On Journeys- Maase’ei

Parshat Maasei

Numbers 33:1-36:23

We have come to the end of the book of Numbers with this week’s parasha, Maase’ei. It is most often paired with last week’s portion Mattot, but separated in a leap year. The Portion begins with the recounting of the journey of the Children of Israel: “These are the marches of the Israelites who started out from the land of Egypt, troop by troop, in the charge of Moses and Aaron” (Num. 33:1).

One rabbinic teacher asks Why does the portion begin with the word “Eileh”? It begins this way because the travels of the Children of Israel would begin with the study of Torah. The Hebrew word “Eileh” =These. But this word introduces important sections of the Torah including, “Eileh HaMishpatim” (These are the statutes in Exodus) “Eileh HaMitzvot” (These are the commandments in Leviticus), Eileh HaDevarim (These are the words in Deuteronomy).

One way to understand the opening of this Torah portion is to imagine that the march toward the Promised Land began with the study of Torah. In fact our tradition would teach that the Promised Land is the ability to study Torah. As it says in Mishnah Peah –The Study of Torah is equal to all of the mitzvot!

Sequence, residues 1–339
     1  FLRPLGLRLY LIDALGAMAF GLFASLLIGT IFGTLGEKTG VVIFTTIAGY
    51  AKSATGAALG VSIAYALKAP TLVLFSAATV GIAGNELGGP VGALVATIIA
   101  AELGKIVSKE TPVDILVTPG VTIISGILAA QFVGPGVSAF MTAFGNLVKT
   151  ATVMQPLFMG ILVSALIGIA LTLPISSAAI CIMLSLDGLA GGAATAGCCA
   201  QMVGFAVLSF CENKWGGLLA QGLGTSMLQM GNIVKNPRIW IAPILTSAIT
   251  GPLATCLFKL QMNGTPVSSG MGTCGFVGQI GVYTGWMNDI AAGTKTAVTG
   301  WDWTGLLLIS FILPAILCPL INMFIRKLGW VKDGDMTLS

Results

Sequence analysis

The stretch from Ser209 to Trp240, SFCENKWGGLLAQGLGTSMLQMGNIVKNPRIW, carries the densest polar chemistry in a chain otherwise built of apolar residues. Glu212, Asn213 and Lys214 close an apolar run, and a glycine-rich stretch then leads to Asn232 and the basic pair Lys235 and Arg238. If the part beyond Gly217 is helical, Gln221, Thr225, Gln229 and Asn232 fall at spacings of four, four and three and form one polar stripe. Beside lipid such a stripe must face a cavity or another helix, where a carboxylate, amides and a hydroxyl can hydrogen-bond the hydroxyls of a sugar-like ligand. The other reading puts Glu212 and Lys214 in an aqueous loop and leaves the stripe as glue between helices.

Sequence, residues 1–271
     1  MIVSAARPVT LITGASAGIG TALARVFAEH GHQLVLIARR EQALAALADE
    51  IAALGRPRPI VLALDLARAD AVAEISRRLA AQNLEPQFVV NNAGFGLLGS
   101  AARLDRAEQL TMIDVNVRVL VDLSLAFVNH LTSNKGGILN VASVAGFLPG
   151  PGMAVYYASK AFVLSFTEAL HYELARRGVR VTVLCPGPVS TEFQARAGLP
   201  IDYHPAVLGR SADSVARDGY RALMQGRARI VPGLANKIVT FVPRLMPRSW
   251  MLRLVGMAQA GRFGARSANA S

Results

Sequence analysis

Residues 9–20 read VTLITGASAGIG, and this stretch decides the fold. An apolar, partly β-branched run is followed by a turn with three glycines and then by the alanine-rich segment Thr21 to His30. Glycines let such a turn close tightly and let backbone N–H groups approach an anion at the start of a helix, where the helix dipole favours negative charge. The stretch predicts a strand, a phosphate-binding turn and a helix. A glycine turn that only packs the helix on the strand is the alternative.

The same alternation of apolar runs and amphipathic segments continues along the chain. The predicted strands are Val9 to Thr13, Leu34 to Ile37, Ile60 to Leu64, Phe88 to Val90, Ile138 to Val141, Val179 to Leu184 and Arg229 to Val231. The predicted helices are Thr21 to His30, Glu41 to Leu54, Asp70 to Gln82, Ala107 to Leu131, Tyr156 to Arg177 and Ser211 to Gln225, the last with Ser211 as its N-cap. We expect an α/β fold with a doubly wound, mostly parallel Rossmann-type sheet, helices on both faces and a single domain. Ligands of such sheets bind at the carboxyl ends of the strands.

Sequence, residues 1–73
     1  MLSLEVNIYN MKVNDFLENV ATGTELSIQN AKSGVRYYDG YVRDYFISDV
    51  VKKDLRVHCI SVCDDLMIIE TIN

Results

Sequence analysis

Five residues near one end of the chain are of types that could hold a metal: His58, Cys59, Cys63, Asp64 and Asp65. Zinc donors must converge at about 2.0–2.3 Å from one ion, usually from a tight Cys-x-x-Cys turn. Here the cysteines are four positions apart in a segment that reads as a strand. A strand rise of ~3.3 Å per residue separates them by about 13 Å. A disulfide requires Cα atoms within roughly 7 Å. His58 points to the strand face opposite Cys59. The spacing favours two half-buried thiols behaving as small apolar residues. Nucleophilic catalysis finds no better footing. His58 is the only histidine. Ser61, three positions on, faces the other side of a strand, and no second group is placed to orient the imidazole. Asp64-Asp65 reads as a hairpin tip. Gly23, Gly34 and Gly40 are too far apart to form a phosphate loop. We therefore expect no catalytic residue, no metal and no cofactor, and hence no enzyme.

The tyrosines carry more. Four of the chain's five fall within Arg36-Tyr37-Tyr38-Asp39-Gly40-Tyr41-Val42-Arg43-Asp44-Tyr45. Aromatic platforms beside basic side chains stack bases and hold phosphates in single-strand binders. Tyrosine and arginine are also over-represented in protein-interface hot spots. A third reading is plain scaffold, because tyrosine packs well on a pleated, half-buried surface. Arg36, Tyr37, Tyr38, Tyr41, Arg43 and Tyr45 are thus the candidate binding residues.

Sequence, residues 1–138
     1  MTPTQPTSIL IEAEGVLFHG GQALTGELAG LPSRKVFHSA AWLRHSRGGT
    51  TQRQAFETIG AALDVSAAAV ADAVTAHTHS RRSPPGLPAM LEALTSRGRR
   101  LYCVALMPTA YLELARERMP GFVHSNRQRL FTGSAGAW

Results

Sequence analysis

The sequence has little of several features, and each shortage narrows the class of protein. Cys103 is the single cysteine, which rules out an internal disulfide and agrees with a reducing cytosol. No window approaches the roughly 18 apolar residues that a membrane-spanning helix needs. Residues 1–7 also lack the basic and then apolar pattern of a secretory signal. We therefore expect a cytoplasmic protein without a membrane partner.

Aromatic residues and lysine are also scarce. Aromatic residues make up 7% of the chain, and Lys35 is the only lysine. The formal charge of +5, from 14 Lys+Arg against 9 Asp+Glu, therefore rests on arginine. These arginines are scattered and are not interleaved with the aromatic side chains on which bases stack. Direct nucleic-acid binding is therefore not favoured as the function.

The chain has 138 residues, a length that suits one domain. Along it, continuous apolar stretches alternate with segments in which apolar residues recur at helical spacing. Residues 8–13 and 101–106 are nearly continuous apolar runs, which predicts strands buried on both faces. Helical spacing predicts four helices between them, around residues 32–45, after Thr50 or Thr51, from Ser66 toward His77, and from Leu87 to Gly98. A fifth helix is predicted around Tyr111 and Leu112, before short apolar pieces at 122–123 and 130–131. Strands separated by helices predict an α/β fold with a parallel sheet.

The emphasis on the study of Jewish ideas, principles and texts is to edify the soul and the spirit. The emphasis on Jewish study in our tradition is to elevate the mind and the heart and the work that you do daily in the world. Sadly, for most Jews if they studied Jewish ideas it stopped at Bar or Bat Mitzvah, often leaving you with a 13 year olds’ perspective of Jewish life.

So if you haven’t explored the meaning of life, the meaning of your life through Jewish texts or ideas, philosophy or mysticism I encourage you to encounter as an adult the richness of our tradition. If

the Children of Israel could study before they went on their way marching toward the Promised Land we

might take some time to shape our own lives on our journey through our week! It will help frame your day and your life in a deeper and more meaningful way.

L’olam Ya’asok Adam BaTorah V’Achar Kach Yeitzei La’Derech”; A person should make sure to learn Torah before embarking on any journey.

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